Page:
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Top10 Greatest Books

Top10 Greatest Books

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  • 1. In Search of Lost Time by Marcel Proust

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    Swann's Way, the first part of A la recherche de temps perdu, Marcel Proust's seven-part cycle, was published in 1913. In it, Proust introduces the themes that run through the entire work.
  • 2. Ulyssesb by James Joyce

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    Ulysses chronicles the passage of Leopold Bloom through Dublin during an ordinary day, June 16, 1904. The title parallels and alludes to Odysseus (Latinised into Ulysses), the hero of Homer's Odyss.
  • 3. Don Quixote by Miguel de Cerventes

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    Alonso Quixano, a retired country gentleman in his fifties, lives in an unnamed section of La Mancha with his niece and a housekeeper.
  • 4. Mody Dick by Herman Melville

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    First published in 1851, Melville's masterpiece is, in Elizabeth Hardwick's words, "the greatest novel in American literature.".
  • 5. Hamlet by William Shakesphere

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    The Tragedy of Hamlet, Prince of Denmark, or more simply Hamlet, is a tragedy by William Shakespeare, believed to have been written between 1599 and 1601..
  • 6. War and Peace by Leo Tolstoy

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    Epic in scale, War and Peace delineates in graphic detail events leading up to Napoleon's invasion of Russia, and the impact of the Napoleonic era on Tsarist society.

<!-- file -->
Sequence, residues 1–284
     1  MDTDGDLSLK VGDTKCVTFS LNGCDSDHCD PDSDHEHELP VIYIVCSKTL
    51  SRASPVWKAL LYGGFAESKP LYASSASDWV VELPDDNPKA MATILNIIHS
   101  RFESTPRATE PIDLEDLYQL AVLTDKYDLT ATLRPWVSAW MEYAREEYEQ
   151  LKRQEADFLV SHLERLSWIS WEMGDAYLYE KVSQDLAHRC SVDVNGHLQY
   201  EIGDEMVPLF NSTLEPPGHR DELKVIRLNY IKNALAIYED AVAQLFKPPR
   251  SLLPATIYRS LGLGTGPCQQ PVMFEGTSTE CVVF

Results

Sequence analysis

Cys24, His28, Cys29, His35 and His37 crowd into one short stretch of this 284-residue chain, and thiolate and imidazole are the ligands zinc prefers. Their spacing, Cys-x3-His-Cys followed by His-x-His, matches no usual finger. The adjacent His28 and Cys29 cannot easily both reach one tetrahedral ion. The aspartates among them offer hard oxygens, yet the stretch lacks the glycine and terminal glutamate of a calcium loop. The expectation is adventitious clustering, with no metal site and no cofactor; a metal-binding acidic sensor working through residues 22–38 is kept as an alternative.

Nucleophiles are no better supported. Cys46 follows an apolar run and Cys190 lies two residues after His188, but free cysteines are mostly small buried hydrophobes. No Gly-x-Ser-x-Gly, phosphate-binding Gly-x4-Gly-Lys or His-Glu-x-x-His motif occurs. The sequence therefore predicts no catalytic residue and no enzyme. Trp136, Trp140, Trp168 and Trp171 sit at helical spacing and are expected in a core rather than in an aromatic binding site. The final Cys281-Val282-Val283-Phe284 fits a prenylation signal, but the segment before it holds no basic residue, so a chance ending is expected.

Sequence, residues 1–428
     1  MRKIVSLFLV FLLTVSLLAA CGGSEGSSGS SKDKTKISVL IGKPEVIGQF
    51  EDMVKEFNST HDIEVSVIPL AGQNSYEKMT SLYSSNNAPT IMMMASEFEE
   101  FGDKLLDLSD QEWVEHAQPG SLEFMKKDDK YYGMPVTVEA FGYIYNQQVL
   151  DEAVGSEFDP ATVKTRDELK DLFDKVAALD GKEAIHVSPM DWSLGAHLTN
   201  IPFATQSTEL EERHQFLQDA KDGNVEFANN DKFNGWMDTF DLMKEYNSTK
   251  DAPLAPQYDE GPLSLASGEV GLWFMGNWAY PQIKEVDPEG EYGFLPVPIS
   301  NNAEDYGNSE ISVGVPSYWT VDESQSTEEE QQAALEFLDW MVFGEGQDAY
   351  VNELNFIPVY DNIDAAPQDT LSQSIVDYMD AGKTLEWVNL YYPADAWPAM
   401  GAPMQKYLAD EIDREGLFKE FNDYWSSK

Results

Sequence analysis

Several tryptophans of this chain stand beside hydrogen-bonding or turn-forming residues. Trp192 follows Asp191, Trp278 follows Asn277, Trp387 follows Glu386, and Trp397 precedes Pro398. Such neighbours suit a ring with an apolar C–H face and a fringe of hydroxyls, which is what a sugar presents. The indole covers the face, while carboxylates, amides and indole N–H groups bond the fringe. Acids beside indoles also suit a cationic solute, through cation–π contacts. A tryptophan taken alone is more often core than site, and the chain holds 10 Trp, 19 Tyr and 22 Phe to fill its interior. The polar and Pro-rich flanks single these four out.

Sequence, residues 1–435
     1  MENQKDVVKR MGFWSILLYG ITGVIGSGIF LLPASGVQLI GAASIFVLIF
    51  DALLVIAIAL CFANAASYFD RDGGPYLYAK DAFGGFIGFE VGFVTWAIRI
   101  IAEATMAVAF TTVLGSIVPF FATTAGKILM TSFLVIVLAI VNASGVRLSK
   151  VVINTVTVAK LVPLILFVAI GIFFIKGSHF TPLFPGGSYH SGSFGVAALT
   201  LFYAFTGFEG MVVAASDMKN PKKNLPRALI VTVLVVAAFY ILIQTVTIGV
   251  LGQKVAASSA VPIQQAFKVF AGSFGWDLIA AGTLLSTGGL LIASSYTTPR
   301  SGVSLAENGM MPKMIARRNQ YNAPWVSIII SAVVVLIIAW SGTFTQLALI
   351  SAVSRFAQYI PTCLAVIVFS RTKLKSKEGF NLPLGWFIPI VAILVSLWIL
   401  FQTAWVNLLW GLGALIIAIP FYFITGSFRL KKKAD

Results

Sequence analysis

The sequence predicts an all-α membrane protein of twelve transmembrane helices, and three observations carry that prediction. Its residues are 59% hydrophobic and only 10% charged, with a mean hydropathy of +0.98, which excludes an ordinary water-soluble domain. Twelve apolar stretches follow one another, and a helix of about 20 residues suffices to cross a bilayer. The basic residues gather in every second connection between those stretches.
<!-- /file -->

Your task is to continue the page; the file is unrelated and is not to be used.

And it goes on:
• 7. The Odyssey by Homer

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    The Odyssey is one of two major ancient Greek epic poems attributed to Homer. It is, in part, a sequel to the Iliad, the other work traditionally ascribed to Homer..
  • 8. The Great Gatsby by F. Scott Fitzgerald

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    The Great Gatsby is a 1925 novel written by American author F. Scott Fitzgerald that follows a cast of characters living in the fictional town of West Egg on prosperous Long Island in the summer of 1922. The story primarily concerns the young and mysterious millionaire Jay Gatsby and his quixotic passion and obsession for the beautiful former debutante Daisy Buchanan. Considered to be Fitzgerald's magnum opus, The Great Gatsby explores themes of decadence, idealism, resistance to change, social upheaval, and excess, creating a portrait of the Jazz Age or the Roaring Twenties that has been described as a cautionary tale regarding the American Dream.
  • 9. The Divine Comedy by Dante Alighieri

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    Belonging in the immortal company of the great works of literature, Dante Alighieri's poetic masterpiece, The Divine Comedy, is a moving human drama.
  • 10. Madame Bovary by Gustave Flaubert

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    For daring to peer into the heart of an adulteress and enumerate its contents with profound dispassion, the author of Madame Bovary was tried for "offenses against morality and religion.
  • Atlas Shrugged

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    Atlas Shrugged is a 1957 novel by Ayn Rand. Rand's fourth and last novel, it was also her longest, and the one she considered to be her magnum opus in the realm of fiction writing.
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